Some Notes on a poem

Poetry writing for me is often, but not always, an exercise in memorializing an emotion. To do so, it’s imperative to take on the tone and character of the emotion.

In The Blush in My Cheeks is Blood, the poem lives in the body. Creative energy and sexual energy occupy the same sphere inside of me so the ritual of poetry writing and the ritual of self-fucking are one and the same. I often dictate poems while masturbating and I dictated large parts of my novel, Dropping Out this way too. Writing isn’t inherently sexual for me but it is deeply erotic in the sense of moving energy and passing intensity through the body.

In the poem I Miss You, I channel my most pathetic feelings about longing for a relationship that has changed, for a person who I want to be closer with. The title is self explanatory but the imagery is an attempt at shape shifting this feeling to overcomplicate it visually until it takes on the size and mental texture of missing someone. These grand emotions are often exaggerated in poetry until they feel as big as they are. I suppose in this way poetry is a lie, a stretch of a simple phrase like “I miss you” into a mess of metaphor and syntax that personifies the act of missing until it’s a pathetic character outside of the poem, rapping on the eyes of whoever is reading it.

In a recent poem I wrote, You Lost Me, I use oceanographic terminology to interweave scientific objectivity with the atemporal experiences of loss and yearning, absence and acceptance. The processes of the sea are transient, from the intertidal zone and its multitudinous interconnected ecosystems to the deep sea with its cosmic sediment and alien-like bioluminescent, chemosynthetic lifeforms. Studying oceanography and marine science brings me repeatedly back to the experience of being human. The world is constantly imitating itself and reminding us that we are not self-sufficient nor independent. Our existence relies on structures and processes that are beyond our reasoning or comprehension.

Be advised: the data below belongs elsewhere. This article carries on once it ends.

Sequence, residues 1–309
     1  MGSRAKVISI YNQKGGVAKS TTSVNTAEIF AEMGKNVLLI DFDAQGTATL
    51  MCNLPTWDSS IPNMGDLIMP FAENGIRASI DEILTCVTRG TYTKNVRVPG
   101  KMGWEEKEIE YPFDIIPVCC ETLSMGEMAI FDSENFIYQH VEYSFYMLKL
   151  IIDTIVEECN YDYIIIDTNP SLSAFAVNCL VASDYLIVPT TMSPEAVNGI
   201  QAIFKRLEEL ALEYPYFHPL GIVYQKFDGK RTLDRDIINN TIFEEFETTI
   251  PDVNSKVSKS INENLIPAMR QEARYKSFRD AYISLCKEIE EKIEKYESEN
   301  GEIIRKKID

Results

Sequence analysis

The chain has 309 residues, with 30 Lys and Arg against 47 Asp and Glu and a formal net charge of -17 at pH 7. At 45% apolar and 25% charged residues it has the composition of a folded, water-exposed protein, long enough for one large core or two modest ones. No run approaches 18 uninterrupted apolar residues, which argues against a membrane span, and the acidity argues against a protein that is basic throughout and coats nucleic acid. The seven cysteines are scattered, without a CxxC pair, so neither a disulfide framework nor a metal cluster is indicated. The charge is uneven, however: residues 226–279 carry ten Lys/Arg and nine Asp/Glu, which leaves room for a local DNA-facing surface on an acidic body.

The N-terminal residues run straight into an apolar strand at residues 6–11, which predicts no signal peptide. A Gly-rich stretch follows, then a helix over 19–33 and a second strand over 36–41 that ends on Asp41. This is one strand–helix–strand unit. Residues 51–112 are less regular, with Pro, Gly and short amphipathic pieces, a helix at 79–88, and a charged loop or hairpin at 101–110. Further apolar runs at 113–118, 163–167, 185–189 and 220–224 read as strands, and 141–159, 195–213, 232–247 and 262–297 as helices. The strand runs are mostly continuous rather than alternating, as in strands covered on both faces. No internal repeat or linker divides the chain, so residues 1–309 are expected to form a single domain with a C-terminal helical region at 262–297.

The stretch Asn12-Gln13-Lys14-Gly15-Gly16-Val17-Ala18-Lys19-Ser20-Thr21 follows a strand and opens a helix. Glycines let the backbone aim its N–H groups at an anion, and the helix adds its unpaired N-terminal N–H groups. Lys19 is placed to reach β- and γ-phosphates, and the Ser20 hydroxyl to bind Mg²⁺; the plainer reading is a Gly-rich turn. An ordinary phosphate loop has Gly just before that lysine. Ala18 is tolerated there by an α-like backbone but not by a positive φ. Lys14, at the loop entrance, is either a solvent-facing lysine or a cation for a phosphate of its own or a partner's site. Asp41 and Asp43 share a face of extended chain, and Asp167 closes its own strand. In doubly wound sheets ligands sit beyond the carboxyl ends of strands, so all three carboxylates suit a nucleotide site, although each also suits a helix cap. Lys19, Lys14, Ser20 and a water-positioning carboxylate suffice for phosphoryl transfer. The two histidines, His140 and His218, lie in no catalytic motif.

Poetry writing is completely different for me than novel writing. When I write a poem I go into a trance, before I write a poem I feel “symptoms” come on. They’re uncomfortable, often painful and usually scary. It’s as though I’m possessed by an idea I can’t name and I won’t feel grounded again until it’s effectively used me as its medium.

The writing of Anne Sexton and Sylvia Plath have influenced me immensely. Confessional writing has been profoundly life saving for me. It’s a radical act to say “this is how I fucking feel and I know it’s ugly, and I’m not sorry” especially in a landscape that wants feminine docility and silence, and views madness as an ugly secret; a thing to be eliminated.

The subtext of all my poems: fuck that.

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